Remade in China: Foreign Investors and Institutional Change in China

By Scott Wilson | Go to book overview

6
Dismissal and Labor Turnover

The previous chapter analyzed Chinese efforts to reform compensation practices and the lessons drawn from the operation of Japanese and U.S. models in China. Chinese state interests established guideposts to shift away from the “iron rice bowl” model, and feedback from workers in the labor market and the lessons learned by human resources managers and diffused by the policy community helped to construct the path toward a U.S. model of compensation. The present chapter looks at two other crucial aspects of employment: hiring and retention/dismissal practices. As in the previous chapter, state officials identified loosening lifetime employment in SOEs as a target of reform efforts, but, frustrated by the intransigence of SOE staff and managers, officials turned to FIEs as models of how to handle hiring, retention, and dismissal of employees. In these regards, Japanese and U.S. investors presented very distinct institutional models, and ambitious Chinese workers in the market came to prefer U.S. (and European) human resources management practices. Chinese human resources managers and some Japanese general managers drew lessons from the pattern of Chinese workers’ reactions to Japanese labor practices, although many general managers persisted with their parent-company practices or only introduced moderate reforms. The pattern of FIEs’ influence on Chinese hiring and dismissal practices illuminates micro-level dynamics in the process of state-guided globalization, especially the role that FIEs and business consultants played in diffusing market-based labor practices to China.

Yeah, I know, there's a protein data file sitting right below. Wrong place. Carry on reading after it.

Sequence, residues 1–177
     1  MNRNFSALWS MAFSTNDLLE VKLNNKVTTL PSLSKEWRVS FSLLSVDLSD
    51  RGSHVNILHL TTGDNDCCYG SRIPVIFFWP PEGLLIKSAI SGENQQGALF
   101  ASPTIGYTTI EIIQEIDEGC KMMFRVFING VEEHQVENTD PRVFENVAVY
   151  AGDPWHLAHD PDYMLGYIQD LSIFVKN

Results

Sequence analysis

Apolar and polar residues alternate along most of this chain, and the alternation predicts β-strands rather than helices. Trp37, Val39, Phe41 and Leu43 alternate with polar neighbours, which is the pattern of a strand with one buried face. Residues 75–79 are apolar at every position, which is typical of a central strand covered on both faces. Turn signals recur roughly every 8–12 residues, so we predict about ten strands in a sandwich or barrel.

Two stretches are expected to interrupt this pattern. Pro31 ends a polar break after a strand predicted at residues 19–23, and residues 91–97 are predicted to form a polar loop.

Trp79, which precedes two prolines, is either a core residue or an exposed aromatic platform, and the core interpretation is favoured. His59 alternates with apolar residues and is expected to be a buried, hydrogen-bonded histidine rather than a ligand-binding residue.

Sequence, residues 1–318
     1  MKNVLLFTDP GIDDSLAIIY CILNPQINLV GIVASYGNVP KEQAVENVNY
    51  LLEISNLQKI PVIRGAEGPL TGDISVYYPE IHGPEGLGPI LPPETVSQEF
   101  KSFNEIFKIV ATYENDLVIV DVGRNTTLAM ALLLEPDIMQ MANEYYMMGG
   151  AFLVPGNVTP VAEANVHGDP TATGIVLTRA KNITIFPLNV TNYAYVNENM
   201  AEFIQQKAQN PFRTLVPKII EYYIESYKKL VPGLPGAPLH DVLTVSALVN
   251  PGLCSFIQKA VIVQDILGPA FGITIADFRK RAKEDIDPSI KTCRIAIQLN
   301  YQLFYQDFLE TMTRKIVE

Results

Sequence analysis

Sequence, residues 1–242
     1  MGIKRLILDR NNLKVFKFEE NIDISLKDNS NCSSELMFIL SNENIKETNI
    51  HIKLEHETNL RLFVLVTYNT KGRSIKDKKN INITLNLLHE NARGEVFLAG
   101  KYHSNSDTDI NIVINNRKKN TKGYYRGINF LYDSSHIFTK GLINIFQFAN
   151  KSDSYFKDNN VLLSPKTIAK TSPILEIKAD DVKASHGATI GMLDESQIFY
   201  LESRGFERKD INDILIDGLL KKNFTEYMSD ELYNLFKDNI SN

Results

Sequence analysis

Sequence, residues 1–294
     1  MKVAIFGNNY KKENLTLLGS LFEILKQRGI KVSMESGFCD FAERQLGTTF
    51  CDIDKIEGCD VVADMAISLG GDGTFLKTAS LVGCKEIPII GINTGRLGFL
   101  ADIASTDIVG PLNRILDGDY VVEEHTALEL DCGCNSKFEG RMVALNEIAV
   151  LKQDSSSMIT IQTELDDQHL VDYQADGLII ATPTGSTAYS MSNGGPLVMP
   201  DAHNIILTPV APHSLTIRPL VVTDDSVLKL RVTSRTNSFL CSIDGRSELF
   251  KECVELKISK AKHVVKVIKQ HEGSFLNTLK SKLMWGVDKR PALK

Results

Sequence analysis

China began its economic reforms and open-door policy without a free market to allocate labor, and they initially sought to control how foreign

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